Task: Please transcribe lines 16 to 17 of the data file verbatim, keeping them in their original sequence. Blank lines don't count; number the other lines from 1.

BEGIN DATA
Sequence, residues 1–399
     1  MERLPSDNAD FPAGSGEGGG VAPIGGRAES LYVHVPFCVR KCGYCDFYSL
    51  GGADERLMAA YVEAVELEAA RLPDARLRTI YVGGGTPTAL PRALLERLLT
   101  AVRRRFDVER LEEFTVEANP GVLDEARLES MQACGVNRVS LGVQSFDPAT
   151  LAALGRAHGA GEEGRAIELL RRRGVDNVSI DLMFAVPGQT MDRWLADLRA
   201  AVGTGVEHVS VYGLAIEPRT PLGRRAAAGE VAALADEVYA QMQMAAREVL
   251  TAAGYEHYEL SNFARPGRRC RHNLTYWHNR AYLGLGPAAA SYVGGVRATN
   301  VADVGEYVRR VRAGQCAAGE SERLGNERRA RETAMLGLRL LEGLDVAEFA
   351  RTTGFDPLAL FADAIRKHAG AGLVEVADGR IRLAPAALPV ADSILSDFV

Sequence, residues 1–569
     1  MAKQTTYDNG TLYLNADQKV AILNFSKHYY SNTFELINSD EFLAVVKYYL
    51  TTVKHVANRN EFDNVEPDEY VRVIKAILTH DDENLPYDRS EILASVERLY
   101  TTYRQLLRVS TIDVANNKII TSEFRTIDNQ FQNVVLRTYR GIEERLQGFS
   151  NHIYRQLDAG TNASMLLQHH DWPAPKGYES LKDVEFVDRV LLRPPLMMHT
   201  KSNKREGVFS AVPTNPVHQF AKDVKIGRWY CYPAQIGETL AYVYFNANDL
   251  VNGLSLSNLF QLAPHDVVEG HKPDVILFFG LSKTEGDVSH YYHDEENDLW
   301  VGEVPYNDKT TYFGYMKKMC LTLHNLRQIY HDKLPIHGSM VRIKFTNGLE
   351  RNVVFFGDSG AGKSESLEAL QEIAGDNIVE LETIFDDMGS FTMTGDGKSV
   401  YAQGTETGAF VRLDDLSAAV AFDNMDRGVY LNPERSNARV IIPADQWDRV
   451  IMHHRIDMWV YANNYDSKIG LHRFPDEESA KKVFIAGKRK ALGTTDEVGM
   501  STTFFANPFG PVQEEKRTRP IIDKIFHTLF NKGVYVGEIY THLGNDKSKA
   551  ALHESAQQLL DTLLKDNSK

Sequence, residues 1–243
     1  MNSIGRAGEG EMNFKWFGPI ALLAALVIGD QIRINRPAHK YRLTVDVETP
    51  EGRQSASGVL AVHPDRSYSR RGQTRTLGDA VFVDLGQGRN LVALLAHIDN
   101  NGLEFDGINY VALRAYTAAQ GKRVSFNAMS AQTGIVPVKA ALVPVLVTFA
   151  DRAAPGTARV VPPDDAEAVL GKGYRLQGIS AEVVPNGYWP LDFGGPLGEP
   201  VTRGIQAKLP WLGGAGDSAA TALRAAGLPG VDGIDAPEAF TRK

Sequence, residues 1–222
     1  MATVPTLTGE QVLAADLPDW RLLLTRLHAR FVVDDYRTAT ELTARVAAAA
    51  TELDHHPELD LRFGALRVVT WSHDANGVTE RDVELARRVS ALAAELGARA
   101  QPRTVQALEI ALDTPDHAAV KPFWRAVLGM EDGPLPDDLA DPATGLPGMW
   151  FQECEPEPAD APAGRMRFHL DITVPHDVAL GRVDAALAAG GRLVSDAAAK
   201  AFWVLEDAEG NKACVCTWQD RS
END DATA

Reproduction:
   251  VNGLSLSNLF QLAPHDVVEG HKPDVILFFG LSKTEGDVSH YYHDEENDLW
   301  VGEVPYNDKT TYFGYMKKMC LTLHNLRQIY HDKLPIHGSM VRIKFTNGLE